Brisk provides a digital adviser to small businesses that helps them manage their risks and address them with appropriate insurance coverage

Brisk's risk-advisory platform works across smart devices and desktops (Credit: Brisk)

For a smaller business without the resources of a big firm — a number of uninsured loss events can cause untold financial damage that could ruin them altogether. Peter Littlejohns speaks to James Russell, a former digital transformation leader at industry giant Aviva about how he’s shining a spotlight on these risks with his start-up venture. 


As companies grow in scale and the need to protect both their assets and operations increases, the chances are they’ll consult a third-party or hire a risk manager to ensure they have the correct coverage in case disaster strikes.

But not only do smaller companies tend not to purchase cover, but their risk knowledge is also rarely adequate to have a rounded view of where they need coverage.

Enter Brisk, a subscription-based platform founded in 2018 to help small and medium-sized businesses gain insight into their risk exposure using a suite of digital tools.

Founder and CEO James Russell says: “Small businesses are really busy, they haven’t got time to check documentation and a lot aren’t even aware of what their risks are and what insurance needs they have.

“That’s why brokers exist, but smaller brokers haven’t got the time or efficiency to really give to a small business.

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James Russell is one of two Brisk founders (Credit: Brisk)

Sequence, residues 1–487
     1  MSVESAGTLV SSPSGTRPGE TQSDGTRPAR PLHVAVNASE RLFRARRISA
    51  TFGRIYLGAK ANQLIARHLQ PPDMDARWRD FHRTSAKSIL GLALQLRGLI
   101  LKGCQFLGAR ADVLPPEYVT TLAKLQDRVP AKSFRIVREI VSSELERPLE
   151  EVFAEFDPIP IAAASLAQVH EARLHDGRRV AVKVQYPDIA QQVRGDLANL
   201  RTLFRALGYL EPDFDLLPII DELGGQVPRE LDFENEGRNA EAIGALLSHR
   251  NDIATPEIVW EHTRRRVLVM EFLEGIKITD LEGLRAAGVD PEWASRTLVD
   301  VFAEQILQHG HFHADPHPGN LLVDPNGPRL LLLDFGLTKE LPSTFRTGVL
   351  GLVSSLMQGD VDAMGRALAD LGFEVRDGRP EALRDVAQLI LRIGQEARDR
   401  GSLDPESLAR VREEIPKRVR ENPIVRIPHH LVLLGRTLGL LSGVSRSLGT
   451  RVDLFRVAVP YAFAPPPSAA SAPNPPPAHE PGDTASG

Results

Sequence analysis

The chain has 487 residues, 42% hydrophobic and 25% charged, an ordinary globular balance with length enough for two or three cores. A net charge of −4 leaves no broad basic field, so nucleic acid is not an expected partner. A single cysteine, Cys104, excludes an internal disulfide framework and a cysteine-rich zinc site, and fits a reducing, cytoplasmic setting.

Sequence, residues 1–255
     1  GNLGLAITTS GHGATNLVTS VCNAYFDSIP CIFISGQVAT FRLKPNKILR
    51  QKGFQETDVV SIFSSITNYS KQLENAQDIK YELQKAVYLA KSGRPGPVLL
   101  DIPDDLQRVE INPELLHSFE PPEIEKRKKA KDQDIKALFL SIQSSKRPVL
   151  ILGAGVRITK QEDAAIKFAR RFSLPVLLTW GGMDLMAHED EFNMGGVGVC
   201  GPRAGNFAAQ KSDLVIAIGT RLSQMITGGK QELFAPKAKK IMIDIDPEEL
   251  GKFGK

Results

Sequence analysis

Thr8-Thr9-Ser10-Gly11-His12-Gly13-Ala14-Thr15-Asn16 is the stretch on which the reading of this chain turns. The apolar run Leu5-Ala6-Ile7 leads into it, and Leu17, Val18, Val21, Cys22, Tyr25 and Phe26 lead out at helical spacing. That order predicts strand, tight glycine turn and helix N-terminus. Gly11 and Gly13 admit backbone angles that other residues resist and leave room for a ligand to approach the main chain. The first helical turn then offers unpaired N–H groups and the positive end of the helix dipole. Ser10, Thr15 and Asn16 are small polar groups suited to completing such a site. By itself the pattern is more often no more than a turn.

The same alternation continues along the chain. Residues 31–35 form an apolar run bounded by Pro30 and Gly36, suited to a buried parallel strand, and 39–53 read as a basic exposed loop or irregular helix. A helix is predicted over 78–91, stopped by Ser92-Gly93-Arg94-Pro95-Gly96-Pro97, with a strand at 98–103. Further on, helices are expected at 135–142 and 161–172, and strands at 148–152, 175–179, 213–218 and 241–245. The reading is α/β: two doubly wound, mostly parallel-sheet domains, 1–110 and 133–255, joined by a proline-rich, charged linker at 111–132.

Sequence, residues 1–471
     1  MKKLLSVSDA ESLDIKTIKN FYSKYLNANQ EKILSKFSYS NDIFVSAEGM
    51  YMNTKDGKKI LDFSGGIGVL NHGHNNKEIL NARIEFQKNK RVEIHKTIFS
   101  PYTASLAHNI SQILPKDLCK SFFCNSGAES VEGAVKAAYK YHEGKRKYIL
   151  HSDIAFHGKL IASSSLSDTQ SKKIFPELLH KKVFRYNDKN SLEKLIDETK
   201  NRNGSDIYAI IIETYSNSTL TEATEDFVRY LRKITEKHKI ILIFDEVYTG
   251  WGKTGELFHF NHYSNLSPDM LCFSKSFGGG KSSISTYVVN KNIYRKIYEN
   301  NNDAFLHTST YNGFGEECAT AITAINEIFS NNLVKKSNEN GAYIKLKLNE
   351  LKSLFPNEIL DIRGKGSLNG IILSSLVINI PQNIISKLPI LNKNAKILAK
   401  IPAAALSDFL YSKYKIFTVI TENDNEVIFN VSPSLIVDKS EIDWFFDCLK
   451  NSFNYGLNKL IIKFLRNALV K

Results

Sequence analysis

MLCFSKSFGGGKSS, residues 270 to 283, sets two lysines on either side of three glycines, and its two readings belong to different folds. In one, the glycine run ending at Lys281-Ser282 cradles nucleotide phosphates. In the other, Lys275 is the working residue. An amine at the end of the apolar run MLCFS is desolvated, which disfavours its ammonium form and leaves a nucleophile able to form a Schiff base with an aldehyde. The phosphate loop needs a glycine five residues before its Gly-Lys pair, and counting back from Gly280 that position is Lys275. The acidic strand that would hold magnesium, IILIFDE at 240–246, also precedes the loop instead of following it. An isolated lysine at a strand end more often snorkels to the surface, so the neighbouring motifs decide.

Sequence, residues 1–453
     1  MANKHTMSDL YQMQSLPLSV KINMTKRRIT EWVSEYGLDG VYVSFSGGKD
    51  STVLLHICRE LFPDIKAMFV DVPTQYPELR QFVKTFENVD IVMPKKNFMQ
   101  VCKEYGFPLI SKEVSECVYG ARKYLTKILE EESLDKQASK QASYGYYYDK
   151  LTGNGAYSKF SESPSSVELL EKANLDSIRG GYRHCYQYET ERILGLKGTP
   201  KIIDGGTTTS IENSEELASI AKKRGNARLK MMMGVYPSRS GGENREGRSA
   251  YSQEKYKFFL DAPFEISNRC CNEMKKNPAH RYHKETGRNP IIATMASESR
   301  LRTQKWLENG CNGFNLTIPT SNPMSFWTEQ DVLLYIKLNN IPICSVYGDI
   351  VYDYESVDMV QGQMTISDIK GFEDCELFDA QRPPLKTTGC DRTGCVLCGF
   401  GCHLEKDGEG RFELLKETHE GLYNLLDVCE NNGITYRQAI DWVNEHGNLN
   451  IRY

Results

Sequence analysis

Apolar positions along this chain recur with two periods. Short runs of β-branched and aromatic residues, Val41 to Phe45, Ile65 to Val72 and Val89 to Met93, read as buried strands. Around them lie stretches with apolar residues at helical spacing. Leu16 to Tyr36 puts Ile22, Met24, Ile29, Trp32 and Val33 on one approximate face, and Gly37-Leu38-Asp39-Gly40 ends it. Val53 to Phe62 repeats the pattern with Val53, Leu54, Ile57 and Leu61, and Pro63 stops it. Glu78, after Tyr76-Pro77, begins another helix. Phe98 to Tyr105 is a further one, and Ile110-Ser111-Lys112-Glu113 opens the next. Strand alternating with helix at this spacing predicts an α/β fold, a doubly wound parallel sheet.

The cost of consulting a broker is another barrier to addressing risk, which Russell compares to his time as a management consultant for Ernst and Young (EY), as smaller businesses didn’t have the money for the firm’s services.

“So I thought, what if we use data and AI technology to bring a virtual risk manager and adviser to small business owners,” he adds.


What drove the creation of Brisk and its insurance adviser?

In his former roles at British insurance giant Aviva, Russell managed the claims strategy of the business, including its use of analytics and its relationships with brokers.

During this time, he gained an insight into the shortfall in understanding and financial capacity present within small businesses, which resulted in them failing to address their risks adequately.

“Brokers and big insurance companies put a lot of effort and focus on big companies because the premiums are very big and so are the commissions for brokers, so they can justify spending a lot of time on them,” he said.